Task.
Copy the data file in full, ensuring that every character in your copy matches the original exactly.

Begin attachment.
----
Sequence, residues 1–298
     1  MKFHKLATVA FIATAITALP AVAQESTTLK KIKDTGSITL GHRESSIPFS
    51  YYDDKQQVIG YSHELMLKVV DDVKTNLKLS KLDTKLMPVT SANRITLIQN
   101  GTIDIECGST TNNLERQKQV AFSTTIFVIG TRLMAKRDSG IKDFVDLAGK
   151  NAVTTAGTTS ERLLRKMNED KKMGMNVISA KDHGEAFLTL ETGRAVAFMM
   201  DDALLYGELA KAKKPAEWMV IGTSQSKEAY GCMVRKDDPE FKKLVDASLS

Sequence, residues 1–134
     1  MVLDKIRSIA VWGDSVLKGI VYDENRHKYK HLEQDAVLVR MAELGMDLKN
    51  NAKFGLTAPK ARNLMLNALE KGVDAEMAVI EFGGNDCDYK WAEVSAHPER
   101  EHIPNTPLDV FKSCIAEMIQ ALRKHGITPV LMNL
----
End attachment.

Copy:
Sequence, residues 1–298
     1  MKFHKLATVA FIATAITALP AVAQESTTLK KIKDTGSITL GHRESSIPFS
    51  YYDDKQQVIG YSHELMLKVV DDVKTNLKLS KLDTKLMPVT SANRITLIQN
   101  GTIDIECGST TNNLERQKQV AFSTTIFVIG TRLMAKRDSG IKDFVDLAGK
   151  NAVTTAGTTS ERLLRKMNED KKMGMNVISA KDHGEAFLTL ETGRAVAFMM
   201  DDALLYGELA KAKKPAEWMV IGTSQSKEAY GCMVRKDDPE FKKLVDASLS

Sequence, residues 1–134
     1  MVLDKIRSIA VWGDSVLKGI VYDENRHKYK HLEQDAVLVR MAELGMDLKN
    51  NAKFGLTAPK ARNLMLNALE KGVDAEMAVI EFGGNDCDYK WAEVSAHPER
   101  EHIPNTPLDV FKSCIAEMIQ ALRKHGITPV LMNL